From 1957 to 1966, the Department of Mathematics and the Ramanujan Institute of Mathematics functioned as independent bodies under the University of Madras.[4]

In 1967 the University Grants Commission (India) proposed to make the Department of Mathematics of the University of Madras into one of its Centres of Advanced Study. In the same year these two institutions were amalgamated to form a UGC Centre for Advanced Study in Mathematics and named the center as the "Ramanujan Institute for Advanced Study in Mathematics" (RIASM).

C.T. Rajagopal was appointed the first Director of the Ramanujan Institute for Advanced Study in Mathematics, and when he retired in 1969, the reins were taken over by T.S. Bhanumurthy.

Ramanujan Museum

Utilising a grant of Rs. 1 lakh received as UGC Special Assistance for Equipment and with the help of the Vikram A. Sarabhai Community Science Centre, Ahmedabad a Mathematical Laboratory was established in the institute.[5] About 65 mathematical models were acquired under the scheme. These models were exhibited

  • for the participants of several Refresher Courses conducted through the Academic Staff College of the University of Madras,
  • at the Silver Jubiliee conference of the Association of Mathematics Teachers of India held at Madras during 10–13 January 1991,
  • in the Science Exhibition held at National Institute of Technology, Tiruchirapalli during 10–14 July 1991, and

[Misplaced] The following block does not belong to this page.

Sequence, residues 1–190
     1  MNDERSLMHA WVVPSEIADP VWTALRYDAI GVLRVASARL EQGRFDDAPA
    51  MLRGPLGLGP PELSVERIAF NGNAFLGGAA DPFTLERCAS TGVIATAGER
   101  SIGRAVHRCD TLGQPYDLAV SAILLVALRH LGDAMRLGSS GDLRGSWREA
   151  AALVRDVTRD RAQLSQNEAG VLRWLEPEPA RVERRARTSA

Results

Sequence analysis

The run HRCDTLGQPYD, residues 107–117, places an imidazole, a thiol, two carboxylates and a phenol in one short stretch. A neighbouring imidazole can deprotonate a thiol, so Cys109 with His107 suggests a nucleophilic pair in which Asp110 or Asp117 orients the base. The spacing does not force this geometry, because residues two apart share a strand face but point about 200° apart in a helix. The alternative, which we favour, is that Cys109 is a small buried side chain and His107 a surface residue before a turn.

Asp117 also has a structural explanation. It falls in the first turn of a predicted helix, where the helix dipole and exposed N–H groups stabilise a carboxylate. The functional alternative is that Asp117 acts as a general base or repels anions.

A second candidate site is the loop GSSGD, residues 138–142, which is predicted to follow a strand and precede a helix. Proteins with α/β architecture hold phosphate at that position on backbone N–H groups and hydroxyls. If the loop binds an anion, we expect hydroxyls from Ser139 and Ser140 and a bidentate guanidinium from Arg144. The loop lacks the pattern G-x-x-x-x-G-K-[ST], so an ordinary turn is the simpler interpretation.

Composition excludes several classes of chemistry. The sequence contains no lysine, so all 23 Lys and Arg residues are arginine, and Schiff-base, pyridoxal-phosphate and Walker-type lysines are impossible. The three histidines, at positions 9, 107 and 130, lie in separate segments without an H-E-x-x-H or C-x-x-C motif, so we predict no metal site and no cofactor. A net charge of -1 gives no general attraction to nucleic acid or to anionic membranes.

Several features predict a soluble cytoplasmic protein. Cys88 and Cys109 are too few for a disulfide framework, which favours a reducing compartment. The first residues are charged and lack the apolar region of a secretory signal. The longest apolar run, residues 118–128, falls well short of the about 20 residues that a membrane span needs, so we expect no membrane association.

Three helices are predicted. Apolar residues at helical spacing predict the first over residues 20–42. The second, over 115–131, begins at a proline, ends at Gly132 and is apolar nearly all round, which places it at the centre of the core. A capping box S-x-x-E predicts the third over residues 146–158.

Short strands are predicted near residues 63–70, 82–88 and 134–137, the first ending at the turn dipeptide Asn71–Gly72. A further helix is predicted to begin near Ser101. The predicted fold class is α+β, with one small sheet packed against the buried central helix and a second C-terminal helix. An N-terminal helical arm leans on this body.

• are being lent to be exhibited in several schools in and around Chennai.

Later the institute received an amount of Rs. 2 lakh from the National Board for Higher Mathematics, Rs. 1 lakh from The Hindu newspaper and Rs. 9 lakh from the Ministry of Culture and Tourism, Government of India, and a matching grant of Rs. 9 lakh from the University of Madras. The amount was used to establish the Ramanujan Museum in the premises of the Ramanujan Institute for Advanced Study in Mathematics. A grant of rupees one crore was later sanctioned by the Ministry of Human Resource Development, Government of India, towards the establishment of Ramanujan Museum and Research Centre.

Courses offered

  • M.Sc. (Mathematics) full-time
  • MPhil (Mathematics) full-time
  • PhD (Mathematics) full-time and part-time

Current research areas

External links

  • Official website


  1. ^ "About the Department". University of Madras. Retrieved 1 March 2014.
  2. ^ http://riasm.unom.ac.in/about.html
  3. ^ https://eparlib.nic.in/bitstream/123456789/1766/1/lsd_02_07_11-04-1959.pdf page 16
  4. ^ http://riasm.unom.ac.in/index.html
  5. ^ http://www.ramanujanmuseum.org/